Khalfan al-Badwawi, an activist and blogger, told Human Rights Watch that police arrested him on November 7, 2013, after he refused to respond to a police summons for comments he posted online criticizing the government. He said they held him incommunicado for about a week, during which they refused to provide his family with any information regarding his whereabouts. Al-Badwawi and another activist previously arrested and convicted for his online activities, Nabhan al-Hanshi, fled to the United Kingdom in December 2013.

Freedom of Assembly Concerns
Omani authorities require government approval for all public gatherings, and regularly arrest people attending unapproved gatherings. Article 137 of the penal code states that anyone who “participates in a private gathering including at least 10 individuals with a view to commit a riot or a breach of public order, shall be sentenced to a maximum sentence of three years in prison and a fine of 200 Rials [US$520].” Authorities had sharply increased these penalties after pro-reform demonstrations spread through the country in 2011.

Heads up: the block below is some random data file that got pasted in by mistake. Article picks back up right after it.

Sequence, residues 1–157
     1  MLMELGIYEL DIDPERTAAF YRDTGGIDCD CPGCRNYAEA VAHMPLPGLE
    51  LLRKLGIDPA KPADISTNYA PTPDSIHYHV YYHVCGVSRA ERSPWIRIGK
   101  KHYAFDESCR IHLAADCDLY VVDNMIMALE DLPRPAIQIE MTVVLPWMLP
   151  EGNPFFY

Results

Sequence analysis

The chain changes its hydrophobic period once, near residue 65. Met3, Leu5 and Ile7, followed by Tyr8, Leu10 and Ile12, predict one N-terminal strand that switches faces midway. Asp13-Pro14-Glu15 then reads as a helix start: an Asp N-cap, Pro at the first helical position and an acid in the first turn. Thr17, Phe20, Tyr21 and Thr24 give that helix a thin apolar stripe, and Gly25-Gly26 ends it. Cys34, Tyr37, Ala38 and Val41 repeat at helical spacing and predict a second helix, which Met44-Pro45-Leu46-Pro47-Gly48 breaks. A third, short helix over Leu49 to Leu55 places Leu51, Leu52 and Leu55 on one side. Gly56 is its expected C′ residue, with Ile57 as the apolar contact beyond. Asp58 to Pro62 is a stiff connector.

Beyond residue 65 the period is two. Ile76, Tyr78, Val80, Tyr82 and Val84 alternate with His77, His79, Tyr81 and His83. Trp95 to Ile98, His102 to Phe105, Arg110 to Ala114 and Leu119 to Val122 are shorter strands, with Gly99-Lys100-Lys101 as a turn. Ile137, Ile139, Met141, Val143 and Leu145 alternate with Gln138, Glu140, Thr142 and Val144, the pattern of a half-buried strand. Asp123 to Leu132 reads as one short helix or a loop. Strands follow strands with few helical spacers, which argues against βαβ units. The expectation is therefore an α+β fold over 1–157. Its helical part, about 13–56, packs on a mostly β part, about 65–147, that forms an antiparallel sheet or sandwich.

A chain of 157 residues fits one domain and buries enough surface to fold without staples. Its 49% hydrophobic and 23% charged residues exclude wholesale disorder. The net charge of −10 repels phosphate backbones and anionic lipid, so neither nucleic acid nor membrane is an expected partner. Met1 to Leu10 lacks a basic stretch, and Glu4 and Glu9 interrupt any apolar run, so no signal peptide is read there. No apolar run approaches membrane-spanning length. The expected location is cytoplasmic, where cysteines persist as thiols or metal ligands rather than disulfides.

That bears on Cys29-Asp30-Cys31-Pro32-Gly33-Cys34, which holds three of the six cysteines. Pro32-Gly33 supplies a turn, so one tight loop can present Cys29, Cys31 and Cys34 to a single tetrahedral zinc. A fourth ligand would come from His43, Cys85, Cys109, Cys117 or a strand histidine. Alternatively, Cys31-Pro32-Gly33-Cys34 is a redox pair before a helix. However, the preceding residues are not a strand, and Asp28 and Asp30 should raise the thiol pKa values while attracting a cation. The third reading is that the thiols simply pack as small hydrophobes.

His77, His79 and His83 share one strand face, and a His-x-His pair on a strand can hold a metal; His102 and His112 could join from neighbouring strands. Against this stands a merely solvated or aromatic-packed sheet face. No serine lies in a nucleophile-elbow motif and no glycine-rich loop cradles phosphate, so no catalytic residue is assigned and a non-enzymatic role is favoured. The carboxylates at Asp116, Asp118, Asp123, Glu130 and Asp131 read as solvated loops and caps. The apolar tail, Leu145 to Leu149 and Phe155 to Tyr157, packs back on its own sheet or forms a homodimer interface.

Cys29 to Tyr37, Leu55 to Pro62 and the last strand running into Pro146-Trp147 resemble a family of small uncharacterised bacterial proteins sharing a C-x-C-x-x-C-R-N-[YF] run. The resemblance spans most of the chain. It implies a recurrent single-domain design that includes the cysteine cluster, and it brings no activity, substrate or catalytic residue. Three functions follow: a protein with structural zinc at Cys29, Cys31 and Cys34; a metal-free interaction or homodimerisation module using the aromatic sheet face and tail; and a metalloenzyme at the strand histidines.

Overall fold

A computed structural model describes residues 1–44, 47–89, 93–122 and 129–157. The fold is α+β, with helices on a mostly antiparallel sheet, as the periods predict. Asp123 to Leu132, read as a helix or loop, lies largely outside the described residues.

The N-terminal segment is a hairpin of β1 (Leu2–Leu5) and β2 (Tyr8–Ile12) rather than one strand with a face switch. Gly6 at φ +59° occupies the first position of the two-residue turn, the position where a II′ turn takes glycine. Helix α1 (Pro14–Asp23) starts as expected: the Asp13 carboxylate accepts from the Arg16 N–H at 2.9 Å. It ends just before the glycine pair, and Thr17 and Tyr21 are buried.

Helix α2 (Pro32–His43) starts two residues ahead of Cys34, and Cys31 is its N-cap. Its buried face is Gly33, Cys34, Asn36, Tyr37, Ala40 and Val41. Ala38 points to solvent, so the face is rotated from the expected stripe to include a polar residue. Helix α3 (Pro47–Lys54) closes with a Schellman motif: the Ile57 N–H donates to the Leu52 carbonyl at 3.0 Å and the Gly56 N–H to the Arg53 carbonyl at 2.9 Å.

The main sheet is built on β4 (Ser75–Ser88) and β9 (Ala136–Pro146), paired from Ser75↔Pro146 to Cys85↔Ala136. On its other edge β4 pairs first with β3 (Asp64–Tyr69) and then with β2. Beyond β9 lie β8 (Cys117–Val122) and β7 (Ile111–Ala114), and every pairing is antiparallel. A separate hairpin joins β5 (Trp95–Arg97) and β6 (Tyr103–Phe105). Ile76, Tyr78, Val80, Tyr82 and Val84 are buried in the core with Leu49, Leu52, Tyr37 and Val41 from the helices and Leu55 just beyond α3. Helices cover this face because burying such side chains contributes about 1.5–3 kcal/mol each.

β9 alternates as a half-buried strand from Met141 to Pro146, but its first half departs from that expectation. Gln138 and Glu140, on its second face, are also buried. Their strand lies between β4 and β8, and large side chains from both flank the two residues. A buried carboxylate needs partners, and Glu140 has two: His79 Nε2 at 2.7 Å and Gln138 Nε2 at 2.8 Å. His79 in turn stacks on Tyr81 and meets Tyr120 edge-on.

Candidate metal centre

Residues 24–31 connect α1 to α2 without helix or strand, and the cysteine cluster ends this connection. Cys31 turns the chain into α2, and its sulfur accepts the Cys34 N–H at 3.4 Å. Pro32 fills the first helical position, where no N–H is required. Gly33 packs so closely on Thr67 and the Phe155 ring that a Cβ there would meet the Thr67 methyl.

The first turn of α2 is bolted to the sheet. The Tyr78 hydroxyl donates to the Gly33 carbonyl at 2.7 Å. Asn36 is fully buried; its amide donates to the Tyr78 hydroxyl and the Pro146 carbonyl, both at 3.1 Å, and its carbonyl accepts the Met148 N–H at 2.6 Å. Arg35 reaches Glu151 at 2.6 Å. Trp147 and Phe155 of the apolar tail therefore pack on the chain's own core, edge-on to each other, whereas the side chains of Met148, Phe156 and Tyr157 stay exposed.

On August 6, 2014, an appeals court in Muscat sentenced Dr. Talib al-Maamari, 43, a former member of Oman’s Shura Council, the consultative assembly, to four years in prison and a fine of 600 Omani Rials (approximately $1,500) for “illegal gathering” over protests against environmental degradation. Al-Maamari’s conviction stemmed from an August 22, 2013 gathering of activists in Liwa, a coastal town north of the industrial city of Sohar, to protest pollution from the port’s industrial zone, which they considered a public health risk. Security forces used force, including water cannons, to disperse the crowds and several protesters were hurt. On August 24, 2013, security forces arrested al-Maamari, who had been at the demonstration.

The court also sentenced a former municipal councilor from Liwa, Saqer al-Balushi, 37, to one year in prison and a fine of 300 Rials ($750) for “illegal gathering” in connection with the same incident. The court acquitted seven other defendants and released al-Balushi on bail pending appeal, but refused to grant similar bail for al-Maamari, his brother, Murad al-Maamari, told Human Rights Watch.